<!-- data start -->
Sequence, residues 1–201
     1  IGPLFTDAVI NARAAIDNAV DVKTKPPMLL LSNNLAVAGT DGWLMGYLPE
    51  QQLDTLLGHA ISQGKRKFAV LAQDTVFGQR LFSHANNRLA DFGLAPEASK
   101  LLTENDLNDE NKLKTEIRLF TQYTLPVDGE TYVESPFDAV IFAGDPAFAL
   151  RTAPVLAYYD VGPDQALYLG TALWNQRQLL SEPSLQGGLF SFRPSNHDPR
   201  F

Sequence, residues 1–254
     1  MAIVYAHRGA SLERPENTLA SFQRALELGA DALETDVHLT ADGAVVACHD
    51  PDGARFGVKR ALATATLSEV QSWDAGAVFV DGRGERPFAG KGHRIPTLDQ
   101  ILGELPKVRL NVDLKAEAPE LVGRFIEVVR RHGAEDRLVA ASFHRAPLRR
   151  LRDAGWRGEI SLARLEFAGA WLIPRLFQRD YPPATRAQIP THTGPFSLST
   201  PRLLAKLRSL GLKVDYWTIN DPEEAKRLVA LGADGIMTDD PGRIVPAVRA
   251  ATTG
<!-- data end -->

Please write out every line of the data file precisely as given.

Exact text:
Sequence, residues 1–201
     1  IGPLFTDAVI NARAAIDNAV DVKTKPPMLL LSNNLAVAGT DGWLMGYLPE
    51  QQLDTLLGHA ISQGKRKFAV LAQDTVFGQR LFSHANNRLA DFGLAPEASK
   101  LLTENDLNDE NKLKTEIRLF TQYTLPVDGE TYVESPFDAV IFAGDPAFAL
   151  RTAPVLAYYD VGPDQALYLG TALWNQRQLL SEPSLQGGLF SFRPSNHDPR
   201  F

Sequence, residues 1–254
     1  MAIVYAHRGA SLERPENTLA SFQRALELGA DALETDVHLT ADGAVVACHD
    51  PDGARFGVKR ALATATLSEV QSWDAGAVFV DGRGERPFAG KGHRIPTLDQ
   101  ILGELPKVRL NVDLKAEAPE LVGRFIEVVR RHGAEDRLVA ASFHRAPLRR
   151  LRDAGWRGEI SLARLEFAGA WLIPRLFQRD YPPATRAQIP THTGPFSLST
   201  PRLLAKLRSL GLKVDYWTIN DPEEAKRLVA LGADGIMTDD PGRIVPAVRA
   251  ATTG